CHEYENNE -- Do you ever see a number on a Wyoming football jersey and think of all the great players to wear it? Yeah, me too. In this daily series, I’ll give you my take on which Pokes’ football player was the best ever to don each number. The criteria are simple: How did he perform at UW? What kind of impact did he have on the program?


No. 29 – Ward Dobbs

Linebacker, 2005-08, Fairbanks, Alaska

Résumé in Laramie
When Ward Dobbs hung up his cleats on the high plains, he was the fifth-leading tackler in Wyoming history with 343. Today, he is ninth all-time. Twice Dobbs racked up 18 tackles in a game. Once against Utah in 2005 and again versus the Air Force Academy the following season. Dobbs is credited with 24 tackles for loss, which is still sixth in program history. Four tackles behind the line of scrimmage against Tennessee in his senior season is tied for first in the record books. Dobbs received postseason accolades in each of his last three seasons. As a sophomore, he was named to the Mountain West’s second team. The following year he was an honorable mention. In 2008, Dobbs was named to the first team after a 101-tackle season and taking two interceptions back for touchdowns. He shared the team lead in interceptions with Chris Prosinski that season with three.

'The Broken Warrior' - Conrad Dobler
'I just wanted to be great' - Brett Smith
'I needed to be sober for him' - Mitch Donahue

Why Dobbs?
Ward Dobbs stepped in front of a Nick Stephen’s pass and returned it 24 yards to give Wyoming a 13-0 lead.

He never broke stride. He read the quarterback’s eyes and jumped the route.

If that’s all the senior linebacker accomplished that day in front of more than 100,000 at Neyland Stadium, it would’ve been a good day. Instead, Dobbs made life miserable for Tennessee and all those fans, helping ruin an SEC homecoming on Rocky Top and give the Cowboys the biggest upset of the weekend.

A non-BCS team hadn’t won in Knoxville since 1986.

Cowboys 13

Volunteers 7

Dobbs was named Mountain West Defensive Player of the Week after recording 13 tackles, including four for loss, which is still tied for first in program history for a single-game performance. He also tallied a sack. Dobbs moved into seventh place on the all-time tackle list that day with 318.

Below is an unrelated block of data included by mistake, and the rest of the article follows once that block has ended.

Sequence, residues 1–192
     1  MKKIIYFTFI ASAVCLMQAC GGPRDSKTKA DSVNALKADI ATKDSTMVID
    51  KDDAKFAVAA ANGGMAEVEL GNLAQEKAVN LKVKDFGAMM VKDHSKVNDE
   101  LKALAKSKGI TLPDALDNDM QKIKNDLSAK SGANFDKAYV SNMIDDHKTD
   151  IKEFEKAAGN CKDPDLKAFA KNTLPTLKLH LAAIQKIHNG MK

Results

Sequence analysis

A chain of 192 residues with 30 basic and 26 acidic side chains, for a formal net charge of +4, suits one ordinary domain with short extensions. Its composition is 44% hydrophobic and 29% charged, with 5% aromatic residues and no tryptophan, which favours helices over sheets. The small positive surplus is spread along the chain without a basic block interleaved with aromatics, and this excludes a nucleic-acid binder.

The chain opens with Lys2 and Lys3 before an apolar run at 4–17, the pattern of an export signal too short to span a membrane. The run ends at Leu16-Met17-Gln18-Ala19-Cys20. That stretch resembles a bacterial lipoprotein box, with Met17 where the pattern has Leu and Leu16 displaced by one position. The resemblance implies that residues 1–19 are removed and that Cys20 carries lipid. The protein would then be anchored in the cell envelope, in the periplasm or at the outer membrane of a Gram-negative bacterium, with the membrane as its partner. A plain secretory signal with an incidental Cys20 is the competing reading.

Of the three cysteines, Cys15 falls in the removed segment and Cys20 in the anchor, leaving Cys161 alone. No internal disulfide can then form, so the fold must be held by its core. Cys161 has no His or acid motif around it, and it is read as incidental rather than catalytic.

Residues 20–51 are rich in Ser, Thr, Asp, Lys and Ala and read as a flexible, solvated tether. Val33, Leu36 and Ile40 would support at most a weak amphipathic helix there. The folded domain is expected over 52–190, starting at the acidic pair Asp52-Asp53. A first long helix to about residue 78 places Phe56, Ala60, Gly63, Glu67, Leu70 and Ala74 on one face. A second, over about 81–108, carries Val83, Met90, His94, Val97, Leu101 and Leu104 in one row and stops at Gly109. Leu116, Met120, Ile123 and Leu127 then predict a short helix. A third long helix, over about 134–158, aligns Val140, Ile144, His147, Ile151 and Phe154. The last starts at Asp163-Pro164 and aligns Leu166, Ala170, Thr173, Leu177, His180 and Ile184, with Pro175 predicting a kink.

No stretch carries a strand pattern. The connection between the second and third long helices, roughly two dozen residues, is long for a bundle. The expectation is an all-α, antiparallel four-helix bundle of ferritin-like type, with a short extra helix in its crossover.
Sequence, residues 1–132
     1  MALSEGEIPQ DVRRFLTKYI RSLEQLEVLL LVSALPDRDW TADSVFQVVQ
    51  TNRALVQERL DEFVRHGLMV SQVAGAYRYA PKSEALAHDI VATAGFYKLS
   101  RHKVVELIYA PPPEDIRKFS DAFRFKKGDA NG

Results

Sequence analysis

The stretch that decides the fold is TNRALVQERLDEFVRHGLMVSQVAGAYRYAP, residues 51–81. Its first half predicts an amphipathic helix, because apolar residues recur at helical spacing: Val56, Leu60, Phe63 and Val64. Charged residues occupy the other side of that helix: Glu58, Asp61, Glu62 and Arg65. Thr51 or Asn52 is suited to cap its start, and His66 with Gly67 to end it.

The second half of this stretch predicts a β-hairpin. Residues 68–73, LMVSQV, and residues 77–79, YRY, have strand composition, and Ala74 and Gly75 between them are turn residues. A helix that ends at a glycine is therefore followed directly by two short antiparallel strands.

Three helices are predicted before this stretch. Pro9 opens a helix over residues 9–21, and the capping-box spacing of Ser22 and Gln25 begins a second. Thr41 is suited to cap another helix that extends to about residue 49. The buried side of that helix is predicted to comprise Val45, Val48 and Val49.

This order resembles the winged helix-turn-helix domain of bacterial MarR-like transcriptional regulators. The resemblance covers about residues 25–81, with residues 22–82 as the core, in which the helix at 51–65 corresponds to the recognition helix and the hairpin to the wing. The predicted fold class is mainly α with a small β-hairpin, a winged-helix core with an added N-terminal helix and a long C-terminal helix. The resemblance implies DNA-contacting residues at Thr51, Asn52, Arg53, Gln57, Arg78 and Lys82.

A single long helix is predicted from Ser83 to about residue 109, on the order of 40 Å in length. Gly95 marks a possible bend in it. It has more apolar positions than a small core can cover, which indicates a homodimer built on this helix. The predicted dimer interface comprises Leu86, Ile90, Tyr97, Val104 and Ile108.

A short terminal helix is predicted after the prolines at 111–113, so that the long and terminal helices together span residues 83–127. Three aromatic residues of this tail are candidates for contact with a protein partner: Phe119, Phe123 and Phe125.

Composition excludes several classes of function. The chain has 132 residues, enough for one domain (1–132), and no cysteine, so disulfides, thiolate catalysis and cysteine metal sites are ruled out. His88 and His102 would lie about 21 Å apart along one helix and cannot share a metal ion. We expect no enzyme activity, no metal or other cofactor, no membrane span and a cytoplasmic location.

With the Vols facing a 3rd and four from the Wyoming 37 late in the third, Dobbs sniffed out a screen pass and dropped tailback Tauren Poole for a 1-yard loss.

Tennessee threatened once again late in the fourth. And once again, the 6-foot Dobbs answered.

Coming through on a blitz, Dobbs dumped backup Volunteer signal caller Jason Crompton for an eight-yard loss back to the UT 47-yard line. Wyoming would take over on downs just three plays later and the celebration was on.

How’s that for a day at the office?

Dobbs, though undersized, was a wrecking ball throughout his career in Laramie. He played with tenacity and a high football IQ. The Alaska native was a blue-collar guy, fitting in perfectly in his new home.

No. 29 went sideline to sideline and had a nose for the football, finishing his career with four interceptions and three forced fumbles. His 24 tackles for loss is still the sixth-best mark in UW history.

By the way, this 2006 performance in a 31-15 home win over Utah earned Dobbs Defensive Player of the Week honors, too.


Aren't those jerseys beautiful?

And how about that speed around the corner?


28 27 26 25 24 23 22 21 20
19 18 17 16 15 14 13 12 11
10 9 8 7 6 5 4 3 2 1

Honorable mention
Paul Wallace snagged 14 interceptions for the Cowboys between 1989 and 1992. That mark is still good enough for second in program history behind Brain Lee, who finished his career with 17.

Wallace, an Omaha, Neb., native, picked off five passes during his sophomore and senior seasons. In 1990, the defensive back was named to the All-Western Athletic Conference squad after helping lead the Pokes to the Copper Bowl.

Wallace finished second in the balloting for 1989 WAC Freshman of the Year.

Guy Tuell (2001-04) was about to head back home after back-to-back two-win seasons under Vic Koenning.

''I was going to transfer to (Colorado) if he didn't get the job," said Tuell, a Yuma, Colo., native.


Then Cowboy Joe Glenn rode into town. With him, he brought a new sense of urgency and gave a wounded group confidence. Something the program was seriously lacking in a three-year stretch of winning only five games, two of which came against Furman and The Citadel.

''He brought the confidence back into our program,” Tuell continued. “He brought a great coaching staff that recognized what type of players we have on our team. He put us in the right position to get our job done."

In that first season under Glenn in 2003, the Cowboys went 4-8. Two of those wins came against rivals Colorado State and BYU.

The next season ended with an iconic photo of Tuell, joined by Trenton Franz, JJ Raterink and Zach Morris, holding up the Las Vegas Bowl Championship trophy in the middle of Sam Boyd Stadium after a stunning 24-21 upset win over UCLA.

Tuell finished his UW career 11th overall in tackles with 249.

Who else wore No. 29
Kapp Johnson (FL), Lou Carter (DB), Steve Clayton (CB/S), Steve Hendrix (DB), Josh Amundson (RB), Allen Bridgeman (S), James Pecosky (HB), Luke Ruff (S), Tim Hayes (CB), Jalen Ortiz (CB), Kellen Overstreet (RB), Garrett Crall (DE, also wore 88), Quinten Mercado (CB), Leevi Lafaele (DE)

  • All available rosters and photos courtesy of the University of Wyoming. If we missed one, please email

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